Iield oI study in the science called 'ilm al-ma'änï. One learns Irom this science when it is permissible to
omit the diIIerent parts oI a sentence and when it is not permissible. The diIIerent purposes Ior omitting
the diIIerent parts oI sentences is delineated with abundant examples Irom the Qur'än. the Sunnah. and
the ancient poetry oI the Arabs. Eamiliarity with this subject is vital Ior those who wish to understand the
Arabic language. or the Shar'ïah. As Eakhr al-Dïn al-Räzï (606 / 1210; Herat) pointed out. the mistaken
perspective oI the anthropomorphists is all due to their ignorance oI the modes and manners oI speech in
Arabic. Since the subject oI'ilm al-ma'änï is virtually unknown as a science in English. there is no way to
translate it; rhetoric is a dud.

Tuesday. 07 November. 2006 8:34 AM
44
Irom among the muhaddithün. and the Iuqahä`. and the mutakallimün permitted using the
term oI the direction up (jihat al-Iauq / ···-¹' ²·+=) |in relation to Alläh| without presuming
any limit. or without conceiving how |He might be in the direction up| interpreted in the
sky to mean over the sky |that is. He whose authority. or power is over the sky|.
Whereas. whoever Irom among the great majority oI polemicists (nazzär). and
mutakallimün. and the people oI transcendence (ashäb al-tanzïh / ··-´--¹' -'=·-') denied
that He had any limit. and maintained the impossibility oI ascribing any direction to Him.
hallowed is He. they interpreted the texts in a variety oI ways according to the
requirement oI the context. They mentioned interpretations similar to what we
mentioned previously |that is. in his commentary which. however. al-Nawawï did not
cite|. I wish I knew what exactly it is that has united the People oI the Sunnah and the
Truth. all oI them. on the necessity oI reIraining Irom thinking about the reality (al-dhät)
|oI Alläh|. as they were ordered |by the Lawgiver|. and the necessity to keep silent about
what perplexes their intelligences (al-'aql / .·-·¹'). and to prohibit explaining how (al-
takyïI) |is the divine reality|. and in what Iorm (al-tashkïl) |is it|. They kept silent and
reIrained Irom |thinking or speaking about the divine reality (al-dhät)| not because they
had any doubt about the Existent. or about His existence |but because they recognized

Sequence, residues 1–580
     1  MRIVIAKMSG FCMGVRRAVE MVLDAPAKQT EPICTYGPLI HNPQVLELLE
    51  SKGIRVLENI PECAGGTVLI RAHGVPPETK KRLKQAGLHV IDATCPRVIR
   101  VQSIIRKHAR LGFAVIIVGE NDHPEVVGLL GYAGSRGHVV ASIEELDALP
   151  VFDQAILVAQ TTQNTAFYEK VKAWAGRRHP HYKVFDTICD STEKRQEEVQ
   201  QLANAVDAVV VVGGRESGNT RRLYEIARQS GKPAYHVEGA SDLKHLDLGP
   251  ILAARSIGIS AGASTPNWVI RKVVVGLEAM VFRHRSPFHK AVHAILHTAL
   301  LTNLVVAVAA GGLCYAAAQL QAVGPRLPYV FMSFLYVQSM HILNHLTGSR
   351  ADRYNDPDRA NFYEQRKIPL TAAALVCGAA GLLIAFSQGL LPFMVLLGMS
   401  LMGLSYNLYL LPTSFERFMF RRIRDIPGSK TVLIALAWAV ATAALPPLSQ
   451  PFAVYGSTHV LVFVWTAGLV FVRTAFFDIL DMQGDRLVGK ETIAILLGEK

that His reality is beyond comprehension|. Their silence does not impair their belieI in
His uniqueness (al-tauhïd); rather. it is the essence oI al-tauhïd |Ior the recognition that
He is other than whatever we imagine Him to be is a requirement oI the transcendent
perspective oI al-tauhïd|. Some oI the ulamä` overlooked |some oI the strict
requirements oI the divine transcendence| and indulged in using the term direction (al-
jihah) |in relation to Alläh| Iearing to take unwarranted liberties |in interpreting the
revealed texts oI the Sharï'ah|. But it raises the question oI whether or not there is any
diIIerence between explaining how (al-takyïI) |is the divine reality| and between
ascribing directions to Him.
114
No doubt. the course which oIIers salvation Irom

114
The point here seems to be that there is no warrant Ior attributing direction to Alläh because the texts
oI the Sharï'ah are silent about that. Although the literal wording oI some oI the texts seems to imply that
He is on the Throne. or over the Throne. or in the sky. there are no texts which state expressly that He has
such and such direction. There is a world oI diIIerence between the words oI the Qur'än 'and He en-
Iorces His will over (Iauqa) His slaves.¨ or the words 'then He subdued |or took control; istawä| oI the
Throne¨ and the claims oI some ulamä` that He has an attribute called 'aboveness / 'ulüw.¨ or 'direction /
al-jihah.¨ or an attribute called 'ascension / istiwä`.¨ since the Iirst are the express terms in which Alläh
has described himselI. while the second are derivative terms which men have taken out oI context and
changed the Iorm according to their understanding oI the terms oI the Lawgiver. The Qur'än declares
that Alläh enIorces His will Iauqa 'ibädihï (over His slaves); this is an idiomatic construction. It does not
declare that Alläh has an attribute called 'direction / al-jihah.¨ or 'aboveness / 'ulüw.¨ Similarly. it de-
clares thumma istawä 'alä `l-'arsh. it does not declare that He has an attribute called istawä (ascension).